NAB Study Draws Heavy Criticism from Wireless Groups

After countering various points in the National Broadcasters Association's spectrum study released April 26, CTIA and the Consumer Electronics Association in a joint response concluded: "The NAB 'study' ignores the most obvious and telling question -- if wireless providers could solve their spectrum needs cheaply or don't have spectrum needs at all, why would they want to pay billions of dollars for such an unnecessary asset? Anyone who has studied not only projections, but also actual use of mobile networks knows that our wireless networks desperately need more capacity - wireless companies are seeking more spectrum for their networks because their customers demand it."

"While NAB might choose to ignore the realities of today's consumer demands, American wireless consumers are staring down a spectrum shortage," said Mobile Future chairman Jonathan Spalter. "As the FCC, 112 leading economists and wireless technology experts have all explained in great detail, a spectrum crunch is looming and the most efficient way to meet growing consumer demand and deliver cutting-edge, innovative services to consumers is to move forward with incentive auctions to get more wireless spectrum to the marketplace as soon as possible."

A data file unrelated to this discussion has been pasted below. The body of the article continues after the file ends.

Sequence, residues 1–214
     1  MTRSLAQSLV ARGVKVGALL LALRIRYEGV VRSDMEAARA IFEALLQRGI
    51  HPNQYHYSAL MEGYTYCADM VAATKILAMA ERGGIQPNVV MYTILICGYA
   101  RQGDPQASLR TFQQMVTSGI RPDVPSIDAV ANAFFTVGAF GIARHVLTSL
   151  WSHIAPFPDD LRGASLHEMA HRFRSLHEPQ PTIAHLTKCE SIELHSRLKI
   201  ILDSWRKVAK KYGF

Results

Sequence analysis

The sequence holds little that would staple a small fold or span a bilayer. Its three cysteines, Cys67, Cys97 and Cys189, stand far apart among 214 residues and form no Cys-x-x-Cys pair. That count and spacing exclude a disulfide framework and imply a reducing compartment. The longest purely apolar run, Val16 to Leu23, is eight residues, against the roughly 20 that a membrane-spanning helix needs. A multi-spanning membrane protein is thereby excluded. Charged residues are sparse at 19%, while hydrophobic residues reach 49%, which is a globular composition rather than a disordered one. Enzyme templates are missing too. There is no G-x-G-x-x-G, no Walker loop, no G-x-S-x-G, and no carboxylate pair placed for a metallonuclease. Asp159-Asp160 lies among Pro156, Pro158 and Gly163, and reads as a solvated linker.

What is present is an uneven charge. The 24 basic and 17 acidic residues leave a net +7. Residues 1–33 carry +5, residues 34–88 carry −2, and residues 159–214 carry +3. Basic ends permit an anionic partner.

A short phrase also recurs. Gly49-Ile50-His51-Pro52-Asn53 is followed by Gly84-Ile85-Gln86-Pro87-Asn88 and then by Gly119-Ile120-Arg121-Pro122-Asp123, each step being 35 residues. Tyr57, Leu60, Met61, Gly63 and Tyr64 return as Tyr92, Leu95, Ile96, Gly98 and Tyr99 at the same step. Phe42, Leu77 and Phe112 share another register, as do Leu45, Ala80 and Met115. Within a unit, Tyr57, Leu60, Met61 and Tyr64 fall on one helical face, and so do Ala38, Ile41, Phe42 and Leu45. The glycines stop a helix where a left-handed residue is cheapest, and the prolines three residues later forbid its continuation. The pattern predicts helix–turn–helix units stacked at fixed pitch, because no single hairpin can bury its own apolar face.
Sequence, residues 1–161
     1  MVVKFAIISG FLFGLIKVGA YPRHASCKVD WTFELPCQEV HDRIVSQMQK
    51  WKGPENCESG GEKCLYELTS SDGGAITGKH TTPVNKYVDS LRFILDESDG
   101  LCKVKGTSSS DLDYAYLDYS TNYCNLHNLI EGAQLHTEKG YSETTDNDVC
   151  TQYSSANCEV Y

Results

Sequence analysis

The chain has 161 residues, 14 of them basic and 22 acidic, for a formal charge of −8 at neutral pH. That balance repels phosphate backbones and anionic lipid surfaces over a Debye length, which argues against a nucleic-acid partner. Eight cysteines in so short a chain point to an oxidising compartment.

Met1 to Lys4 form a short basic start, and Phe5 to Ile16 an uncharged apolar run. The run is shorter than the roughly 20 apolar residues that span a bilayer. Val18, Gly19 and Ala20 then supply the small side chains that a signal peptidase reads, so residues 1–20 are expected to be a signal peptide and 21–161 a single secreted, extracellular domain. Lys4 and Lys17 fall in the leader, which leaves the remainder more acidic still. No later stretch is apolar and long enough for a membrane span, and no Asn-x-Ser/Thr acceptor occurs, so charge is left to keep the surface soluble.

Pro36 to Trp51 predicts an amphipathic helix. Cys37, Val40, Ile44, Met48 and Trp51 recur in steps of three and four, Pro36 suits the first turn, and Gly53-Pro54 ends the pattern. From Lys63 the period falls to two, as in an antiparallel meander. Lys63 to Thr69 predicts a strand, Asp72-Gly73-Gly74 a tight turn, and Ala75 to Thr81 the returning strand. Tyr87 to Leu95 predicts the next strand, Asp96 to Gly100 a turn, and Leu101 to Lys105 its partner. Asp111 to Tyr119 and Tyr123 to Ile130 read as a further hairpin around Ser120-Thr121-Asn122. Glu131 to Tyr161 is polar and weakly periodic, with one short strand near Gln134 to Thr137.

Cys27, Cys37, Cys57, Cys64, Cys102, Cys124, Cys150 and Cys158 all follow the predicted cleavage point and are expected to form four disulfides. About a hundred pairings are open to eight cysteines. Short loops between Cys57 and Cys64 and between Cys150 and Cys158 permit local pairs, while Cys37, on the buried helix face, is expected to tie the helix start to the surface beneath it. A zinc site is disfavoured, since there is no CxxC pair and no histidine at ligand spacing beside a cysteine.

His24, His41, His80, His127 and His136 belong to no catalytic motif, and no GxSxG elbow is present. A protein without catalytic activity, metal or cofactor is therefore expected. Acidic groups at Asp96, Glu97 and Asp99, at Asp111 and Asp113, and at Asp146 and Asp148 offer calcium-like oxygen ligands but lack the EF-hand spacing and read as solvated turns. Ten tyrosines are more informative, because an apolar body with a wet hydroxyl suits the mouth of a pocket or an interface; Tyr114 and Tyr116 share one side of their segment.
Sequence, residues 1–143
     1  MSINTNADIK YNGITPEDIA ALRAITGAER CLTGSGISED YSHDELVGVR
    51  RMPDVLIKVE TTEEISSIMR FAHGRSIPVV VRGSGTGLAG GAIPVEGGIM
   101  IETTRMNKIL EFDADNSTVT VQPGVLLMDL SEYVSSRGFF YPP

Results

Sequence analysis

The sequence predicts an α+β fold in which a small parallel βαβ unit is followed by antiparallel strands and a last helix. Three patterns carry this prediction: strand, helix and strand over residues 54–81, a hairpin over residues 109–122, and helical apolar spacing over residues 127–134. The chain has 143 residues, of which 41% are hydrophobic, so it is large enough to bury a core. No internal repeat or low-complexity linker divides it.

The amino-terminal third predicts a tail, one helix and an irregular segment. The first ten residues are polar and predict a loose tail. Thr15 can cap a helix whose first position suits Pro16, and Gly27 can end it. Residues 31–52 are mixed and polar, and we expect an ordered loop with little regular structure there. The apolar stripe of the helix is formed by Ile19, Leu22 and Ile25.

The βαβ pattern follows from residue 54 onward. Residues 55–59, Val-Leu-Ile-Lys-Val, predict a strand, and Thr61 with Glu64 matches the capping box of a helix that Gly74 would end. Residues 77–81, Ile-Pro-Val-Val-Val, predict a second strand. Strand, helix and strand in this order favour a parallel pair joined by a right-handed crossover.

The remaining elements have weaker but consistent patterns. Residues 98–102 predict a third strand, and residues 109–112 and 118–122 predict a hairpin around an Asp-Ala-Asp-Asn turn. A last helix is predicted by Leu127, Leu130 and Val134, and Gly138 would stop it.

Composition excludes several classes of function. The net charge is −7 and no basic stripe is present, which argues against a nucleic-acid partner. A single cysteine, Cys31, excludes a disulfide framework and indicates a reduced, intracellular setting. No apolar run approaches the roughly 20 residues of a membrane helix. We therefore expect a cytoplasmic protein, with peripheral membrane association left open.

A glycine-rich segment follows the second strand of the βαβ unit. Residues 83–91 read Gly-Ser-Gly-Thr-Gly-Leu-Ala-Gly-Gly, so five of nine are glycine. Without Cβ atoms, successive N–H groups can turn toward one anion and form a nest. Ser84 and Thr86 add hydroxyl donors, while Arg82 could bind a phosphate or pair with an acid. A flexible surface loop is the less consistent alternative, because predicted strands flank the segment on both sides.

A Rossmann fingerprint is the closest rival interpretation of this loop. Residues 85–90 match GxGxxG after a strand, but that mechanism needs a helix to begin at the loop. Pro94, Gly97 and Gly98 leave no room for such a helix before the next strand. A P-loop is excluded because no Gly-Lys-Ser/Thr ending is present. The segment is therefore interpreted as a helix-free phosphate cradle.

Wireless Communications Association International President Fred Campbell joined the chorus: "While NAB might choose to ignore the realities of today's consumer demands, American wireless consumers are staring down a spectrum shortage. As the FCC, 112 leading economists and wireless technology experts have all explained in great detail, a spectrum crunch is looming and the most efficient way to meet growing consumer demand and deliver cutting-edge, innovative services to consumers is to move forward with incentive auctions to get more wireless spectrum to the marketplace as soon as possible."


NAB Study Draws Heavy Criticism from Wireless Groups